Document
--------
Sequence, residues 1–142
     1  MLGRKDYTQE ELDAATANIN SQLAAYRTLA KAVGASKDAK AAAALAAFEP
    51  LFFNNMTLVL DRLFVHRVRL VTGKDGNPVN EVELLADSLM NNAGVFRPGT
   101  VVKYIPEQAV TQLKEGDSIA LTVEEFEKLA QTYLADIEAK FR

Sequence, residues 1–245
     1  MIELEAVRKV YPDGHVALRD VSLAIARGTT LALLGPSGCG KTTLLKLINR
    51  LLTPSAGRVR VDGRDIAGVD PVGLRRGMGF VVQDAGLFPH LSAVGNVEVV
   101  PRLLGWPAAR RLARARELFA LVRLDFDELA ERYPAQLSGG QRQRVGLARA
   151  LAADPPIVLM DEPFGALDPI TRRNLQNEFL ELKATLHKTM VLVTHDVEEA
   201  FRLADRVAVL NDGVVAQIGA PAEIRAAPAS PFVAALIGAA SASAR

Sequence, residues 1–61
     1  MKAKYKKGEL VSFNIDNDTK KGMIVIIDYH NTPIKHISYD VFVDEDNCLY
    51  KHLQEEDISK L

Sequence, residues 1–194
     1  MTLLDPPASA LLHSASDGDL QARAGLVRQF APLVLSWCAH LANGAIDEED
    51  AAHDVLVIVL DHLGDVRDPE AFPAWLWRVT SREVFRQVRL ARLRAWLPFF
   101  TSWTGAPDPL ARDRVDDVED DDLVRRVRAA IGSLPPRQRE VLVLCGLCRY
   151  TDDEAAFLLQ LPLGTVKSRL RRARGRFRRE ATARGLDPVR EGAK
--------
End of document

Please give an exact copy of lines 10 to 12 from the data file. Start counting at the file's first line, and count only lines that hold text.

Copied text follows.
   201  FRLADRVAVL NDGVVAQIGA PAEIRAAPAS PFVAALIGAA SASAR

Sequence, residues 1–61
     1  MKAKYKKGEL VSFNIDNDTK KGMIVIIDYH NTPIKHISYD VFVDEDNCLY